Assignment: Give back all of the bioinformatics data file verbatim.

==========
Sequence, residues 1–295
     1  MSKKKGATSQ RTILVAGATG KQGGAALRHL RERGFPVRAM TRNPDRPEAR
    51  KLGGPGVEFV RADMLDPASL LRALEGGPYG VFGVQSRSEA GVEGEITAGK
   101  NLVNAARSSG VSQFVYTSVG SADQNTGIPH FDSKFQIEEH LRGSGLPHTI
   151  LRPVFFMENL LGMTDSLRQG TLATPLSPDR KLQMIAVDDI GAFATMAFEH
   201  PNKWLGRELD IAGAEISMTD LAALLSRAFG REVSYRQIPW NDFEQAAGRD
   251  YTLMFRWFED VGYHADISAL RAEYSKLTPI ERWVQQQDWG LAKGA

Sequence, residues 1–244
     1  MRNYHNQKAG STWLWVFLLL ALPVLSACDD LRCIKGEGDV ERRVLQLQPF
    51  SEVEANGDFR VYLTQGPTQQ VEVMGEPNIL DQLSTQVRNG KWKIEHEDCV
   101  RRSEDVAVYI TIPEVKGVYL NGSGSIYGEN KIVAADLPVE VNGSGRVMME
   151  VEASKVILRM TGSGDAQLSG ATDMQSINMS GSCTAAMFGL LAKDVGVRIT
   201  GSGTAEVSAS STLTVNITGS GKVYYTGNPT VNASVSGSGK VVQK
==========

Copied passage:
Sequence, residues 1–295
     1  MSKKKGATSQ RTILVAGATG KQGGAALRHL RERGFPVRAM TRNPDRPEAR
    51  KLGGPGVEFV RADMLDPASL LRALEGGPYG VFGVQSRSEA GVEGEITAGK
   101  NLVNAARSSG VSQFVYTSVG SADQNTGIPH FDSKFQIEEH LRGSGLPHTI
   151  LRPVFFMENL LGMTDSLRQG TLATPLSPDR KLQMIAVDDI GAFATMAFEH
   201  PNKWLGRELD IAGAEISMTD LAALLSRAFG REVSYRQIPW NDFEQAAGRD
   251  YTLMFRWFED VGYHADISAL RAEYSKLTPI ERWVQQQDWG LAKGA

Sequence, residues 1–244
     1  MRNYHNQKAG STWLWVFLLL ALPVLSACDD LRCIKGEGDV ERRVLQLQPF
    51  SEVEANGDFR VYLTQGPTQQ VEVMGEPNIL DQLSTQVRNG KWKIEHEDCV
   101  RRSEDVAVYI TIPEVKGVYL NGSGSIYGEN KIVAADLPVE VNGSGRVMME
   151  VEASKVILRM TGSGDAQLSG ATDMQSINMS GSCTAAMFGL LAKDVGVRIT
   201  GSGTAEVSAS STLTVNITGS GKVYYTGNPT VNASVSGSGK VVQK